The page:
accurately captures the essence of

l i st . si ze( ) == 0, l i st . i sFul l ( ) would

better express the intent of l i st . si ze( )

== l i st . capaci t y( ) .

The ordering discipline encapsulated

by a recently used list ensures that the

most recently pushed is at the head and

the least recently pushed value is last.

The use of the push terminology

suggests perhaps a pop method could be

useful, losing the least recent entry.

Whether or not one chooses to

include these additional features, for

convenience or capability, symmetry

has certainly helped highlight them as



1. Kevlin Henney, “Five Possible

Things Before Breakfast”,, June 2003,


2. Kevlin Henney, “Factory and

Disposal Methods”, VikingPLoP

2003, September 2003, available


3. Kevlin Henney, “Form Follows

Function”, App Dev Advisor,

March 2004.

4. Kevlin Henney, “Conventional and

Reasonable”, App Dev Advisor,

May 2004.

5. JUnit, available from

6. Kevlin Henney, “Put to the Test”,

App Dev Advisor, November 2002.

7. Kevlin Henney, “The Good, the Bad,

and the Koyaanisqatsi”, VikingPLoP

2003, September 2003, available


8. Kevlin Henney, “Objects of Value”,

App Dev Advisor, November 2003.

9. Kent Beck, Test-Driven

Development by Example, Addison-

Wesley, 2003.

A more reasonable symmetry

Conversely, a reasonable guideline is

that if you have a setter, there should

probably be a corresponding getter. To

be more precise, if an object has an

attribute, either conceptual or physical,

that can be modified by a method,

there should be some way of querying

that attribute. Failure to do so leads to

write-only attributes, which can be

frustrating to use and awkward – or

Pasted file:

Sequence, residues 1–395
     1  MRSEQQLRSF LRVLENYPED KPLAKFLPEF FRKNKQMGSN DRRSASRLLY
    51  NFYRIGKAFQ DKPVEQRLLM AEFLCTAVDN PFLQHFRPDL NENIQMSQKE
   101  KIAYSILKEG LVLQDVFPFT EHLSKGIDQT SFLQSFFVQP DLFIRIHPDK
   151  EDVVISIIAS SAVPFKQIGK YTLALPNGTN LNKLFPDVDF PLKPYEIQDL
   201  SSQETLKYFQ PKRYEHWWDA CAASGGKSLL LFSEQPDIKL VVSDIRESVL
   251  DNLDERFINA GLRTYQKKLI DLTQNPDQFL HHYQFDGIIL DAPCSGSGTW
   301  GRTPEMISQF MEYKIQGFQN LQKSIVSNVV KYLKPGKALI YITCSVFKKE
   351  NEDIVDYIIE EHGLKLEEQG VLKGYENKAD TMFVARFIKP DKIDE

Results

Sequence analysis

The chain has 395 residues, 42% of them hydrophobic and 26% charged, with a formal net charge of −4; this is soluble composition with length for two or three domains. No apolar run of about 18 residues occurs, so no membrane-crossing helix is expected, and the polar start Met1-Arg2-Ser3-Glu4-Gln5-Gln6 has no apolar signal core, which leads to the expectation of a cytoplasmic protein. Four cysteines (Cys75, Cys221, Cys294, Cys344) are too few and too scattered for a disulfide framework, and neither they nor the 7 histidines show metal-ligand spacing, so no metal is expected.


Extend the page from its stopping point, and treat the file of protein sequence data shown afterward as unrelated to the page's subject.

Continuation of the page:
impossible – to test.

For (counter)example, Java’s

ArrayLi st class has an implied attribute

that describes its current capacity,

which is how many elements it can

hold without automatically resizing, as

opposed to its current size, which is the

number of elements it currently holds.

The capacity defaults to 10 on creation,

unless it is specified directly as a

constructor argument, and can be

specified explicitly using the

ensureCapaci t y method or trimmed to

the current required size using

t ri m ToSi ze.

i nt erf ace Recent l yUsedLi st


bool ean i sEm pt y( ) ;

bool ean i sFul l ( ) ;

i nt si ze( ) ;

i nt capaci t y( ) ;

voi d cl ear( ) ;

voi d push( St ri ng newHead) ;

St ri ng pop( ) ;

St ri ng el em ent At ( i nt i ndex) ;

. . .


The symmetry between push and pop

is emphasised in their respective input

and output. However, symmetry in

code tends to be local, informal,

evocative and sketched; it is rarely a

global, formal, binding, mirror-perfect

relationship. For example, there is no

precondition on push, but pop cannot be

called on an empty list; a successful pop

always changes the visible state of the

list, whereas a push of the most recently

used item will leave the list unchanged.


JU L Y-AU G U ST 2004